New systemically measured sand mining budget for the Mekong Delta reveals rising trends and significant volume underestimations

This is a Preprint and has not been peer reviewed. This is version 1 of this Preprint.


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Charles Robin Gruel, Edward Park, Loc Huu Ho , Sameh Kantoush, Lian Feng, Binh Van Doan, Adam D. Switzer


The river beds of the Mekong Delta are some of the most intensively sand mined places in the world, however sand mining budgets are limited to rough and indirect estimates. Here, we provide a systematic, semi-physically based estimation of the Mekong Delta’s sand mining budget. We provide a quantified budget that overcomes limitations resulting from previous reliance on officially declared statistics and bathymetric surveys of short channel reaches. We apply Sentinel-1 radar imagery to monitor the distribution of sand mining activities using boat metrics-driven mining intensity maps correlated with a field-based bathymetry difference map derived from two extensive bathymetric surveys of ~100 km reaches in the Tiền River conducted in 2014 and 2017 that cover ~15% of the Mekong Delta. We then extrapolate the Tiền River findings to the broader Vietnamese Mekong Delta from 2015 to 2020 and measure a continuous increase of the extraction budget by ~25% between 2015 (38 Mm3/yr) and 2020 (47 Mm3/yr). We estimate a total sand mining budget of 254 Mm3 during the 6-year study period with an average annual rate of ~42 Mm3. Our semi-physically based annual rate differs from both official declarations provided and estimates from previous studies implying that a substantial portion of sand mining budget remains unaccounted for. Riverbed sand mining remains key threat to the Mekong Delta as it exacerbates or contributes to a multitude of other threats including dam construction effects on sedimentation, ongoing subsidence, sea level rise and recurring salt intrusion. This integrated study offers a new method that is readily implementable elsewhere to allow for extensive monitoring and quantification of sand mining activities that are vital for assessing future projections on environmental impacts.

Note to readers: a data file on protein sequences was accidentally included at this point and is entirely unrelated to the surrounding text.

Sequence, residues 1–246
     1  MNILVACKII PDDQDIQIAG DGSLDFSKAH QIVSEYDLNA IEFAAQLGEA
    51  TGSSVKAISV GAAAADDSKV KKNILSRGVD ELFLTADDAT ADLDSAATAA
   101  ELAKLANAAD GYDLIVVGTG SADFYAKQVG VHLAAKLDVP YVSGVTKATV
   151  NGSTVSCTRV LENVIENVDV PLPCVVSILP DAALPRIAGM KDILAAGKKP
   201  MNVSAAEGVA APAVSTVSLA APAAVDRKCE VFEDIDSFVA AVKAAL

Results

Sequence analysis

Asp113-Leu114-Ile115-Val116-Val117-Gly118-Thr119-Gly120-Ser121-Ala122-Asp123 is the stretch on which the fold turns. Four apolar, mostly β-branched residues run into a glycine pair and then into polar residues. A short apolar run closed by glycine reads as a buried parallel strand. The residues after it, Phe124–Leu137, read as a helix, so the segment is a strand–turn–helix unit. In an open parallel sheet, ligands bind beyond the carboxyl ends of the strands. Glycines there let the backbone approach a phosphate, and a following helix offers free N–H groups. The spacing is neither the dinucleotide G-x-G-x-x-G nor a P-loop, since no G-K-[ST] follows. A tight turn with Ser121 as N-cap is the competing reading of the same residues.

Civil and Environmental Engineering, Earth Sciences, Physical Sciences and Mathematics, Planetary Sciences


Riverbed incision, Mekong Delta


Published: 2021-07-16 01:19


CC BY Attribution 4.0 International

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